The development of X-ray diffraction about a century ago led ultimately to another notion of what a “crystal” might be. For most materials, an X-ray of that material produces a blur, but for crystals, the result is a symmetric array of dots. This array can be predicted using Fourier analysis, and it turned out that there were materials that were not crystals - in the sense that they did not have crystallographic symmetry groups - and yet their X-ray diffraction patterns were also symmetric arrays of dots. These “quasicrystals” have been explored in Senechal's *Quasicrystals and Geometry* and *Aperiodic Order: Volume I* by Baake and Grimm.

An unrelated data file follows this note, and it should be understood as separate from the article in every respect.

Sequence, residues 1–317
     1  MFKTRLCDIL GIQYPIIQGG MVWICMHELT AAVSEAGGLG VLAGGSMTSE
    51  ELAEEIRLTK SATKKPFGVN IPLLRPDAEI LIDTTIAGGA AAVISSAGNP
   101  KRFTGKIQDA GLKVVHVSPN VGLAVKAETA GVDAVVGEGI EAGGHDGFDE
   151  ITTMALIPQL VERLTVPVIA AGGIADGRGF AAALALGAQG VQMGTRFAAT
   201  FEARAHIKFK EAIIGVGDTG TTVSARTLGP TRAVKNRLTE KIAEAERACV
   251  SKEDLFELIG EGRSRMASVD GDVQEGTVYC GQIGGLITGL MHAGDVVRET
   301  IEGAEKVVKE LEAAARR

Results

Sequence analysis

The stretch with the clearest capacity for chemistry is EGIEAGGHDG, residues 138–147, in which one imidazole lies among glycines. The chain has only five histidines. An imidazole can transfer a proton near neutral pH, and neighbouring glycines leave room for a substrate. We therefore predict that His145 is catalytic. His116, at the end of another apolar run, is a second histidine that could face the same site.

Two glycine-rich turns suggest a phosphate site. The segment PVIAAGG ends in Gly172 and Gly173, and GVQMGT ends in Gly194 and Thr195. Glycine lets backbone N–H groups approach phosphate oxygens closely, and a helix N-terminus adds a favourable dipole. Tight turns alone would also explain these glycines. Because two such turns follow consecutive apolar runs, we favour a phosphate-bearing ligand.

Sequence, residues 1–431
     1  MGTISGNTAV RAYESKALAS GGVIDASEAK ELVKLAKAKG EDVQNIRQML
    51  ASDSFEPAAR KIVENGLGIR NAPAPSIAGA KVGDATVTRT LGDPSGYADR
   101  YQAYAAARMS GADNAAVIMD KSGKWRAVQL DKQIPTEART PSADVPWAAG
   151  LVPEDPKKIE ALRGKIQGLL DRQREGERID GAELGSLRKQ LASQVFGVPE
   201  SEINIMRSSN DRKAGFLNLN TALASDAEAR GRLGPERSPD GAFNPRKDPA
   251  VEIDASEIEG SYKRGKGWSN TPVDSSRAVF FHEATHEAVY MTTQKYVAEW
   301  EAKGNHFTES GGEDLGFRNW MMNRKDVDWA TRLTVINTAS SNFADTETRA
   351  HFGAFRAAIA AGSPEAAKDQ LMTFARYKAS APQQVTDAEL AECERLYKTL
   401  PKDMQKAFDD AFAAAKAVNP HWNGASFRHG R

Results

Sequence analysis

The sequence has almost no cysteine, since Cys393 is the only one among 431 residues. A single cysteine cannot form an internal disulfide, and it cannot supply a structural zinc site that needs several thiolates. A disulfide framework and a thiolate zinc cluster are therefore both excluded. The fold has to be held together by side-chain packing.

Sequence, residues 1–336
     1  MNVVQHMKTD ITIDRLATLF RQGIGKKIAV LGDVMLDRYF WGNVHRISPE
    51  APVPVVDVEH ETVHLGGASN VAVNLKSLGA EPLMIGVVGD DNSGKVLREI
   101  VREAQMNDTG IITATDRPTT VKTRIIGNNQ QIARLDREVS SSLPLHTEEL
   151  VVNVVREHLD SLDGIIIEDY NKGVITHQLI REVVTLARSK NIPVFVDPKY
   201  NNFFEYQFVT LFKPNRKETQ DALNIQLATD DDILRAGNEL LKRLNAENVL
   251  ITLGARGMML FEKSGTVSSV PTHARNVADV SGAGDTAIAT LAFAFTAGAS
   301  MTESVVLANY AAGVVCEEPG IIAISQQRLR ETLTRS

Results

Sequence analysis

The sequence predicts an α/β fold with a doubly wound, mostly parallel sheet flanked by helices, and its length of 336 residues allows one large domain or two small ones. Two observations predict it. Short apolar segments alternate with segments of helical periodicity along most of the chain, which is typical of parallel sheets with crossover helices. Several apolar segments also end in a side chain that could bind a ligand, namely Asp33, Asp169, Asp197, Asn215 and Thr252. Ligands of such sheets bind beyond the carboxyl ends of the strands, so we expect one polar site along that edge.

Returning to graph-like representations of crystals, while some crystals (e.g. salt) consist of atoms held together by electrostatic charges, others (e.g. sugar) consist of atoms or molecules linked together by bonds or ligands, respectively. Such covalent crystals may be represented by graphs, with atoms or molecular building blocks represented by vertices and bonds or ligands represented by edges. The automorphism group of such a graph \( \Gamma \) might not be crystallographic (!), but it will have a crystallographic subgroup \( G \), which in turn will have a maximal abelian subgroup \( L \) that is free and of finite index in the crystallographic subgroup. Then the quotient graph \( \Gamma / L \) will be finite. A graph \( \Gamma \) with a free abelian group \( L \) of automorphisms such that \( \Gamma / L \) is finite is called periodic. Sunada calls periodic graphs *topological crystals*, although crystallographers call these *crystal nets* (See O’Keeffe & Hyde's *Crystal Structures I: Patterns and Symmetry*.)